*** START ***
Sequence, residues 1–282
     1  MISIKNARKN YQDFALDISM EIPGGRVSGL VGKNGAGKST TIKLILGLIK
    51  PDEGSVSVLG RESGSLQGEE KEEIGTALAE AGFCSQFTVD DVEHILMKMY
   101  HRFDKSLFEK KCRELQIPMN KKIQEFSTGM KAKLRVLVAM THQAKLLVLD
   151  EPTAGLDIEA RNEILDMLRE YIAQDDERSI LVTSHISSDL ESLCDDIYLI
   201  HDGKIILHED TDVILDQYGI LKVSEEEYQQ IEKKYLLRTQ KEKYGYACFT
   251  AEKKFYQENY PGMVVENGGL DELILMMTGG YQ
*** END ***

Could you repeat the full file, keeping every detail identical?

Sequence, residues 1–282
     1  MISIKNARKN YQDFALDISM EIPGGRVSGL VGKNGAGKST TIKLILGLIK
    51  PDEGSVSVLG RESGSLQGEE KEEIGTALAE AGFCSQFTVD DVEHILMKMY
   101  HRFDKSLFEK KCRELQIPMN KKIQEFSTGM KAKLRVLVAM THQAKLLVLD
   151  EPTAGLDIEA RNEILDMLRE YIAQDDERSI LVTSHISSDL ESLCDDIYLI
   201  HDGKIILHED TDVILDQYGI LKVSEEEYQQ IEKKYLLRTQ KEKYGYACFT
   251  AEKKFYQENY PGMVVENGGL DELILMMTGG YQ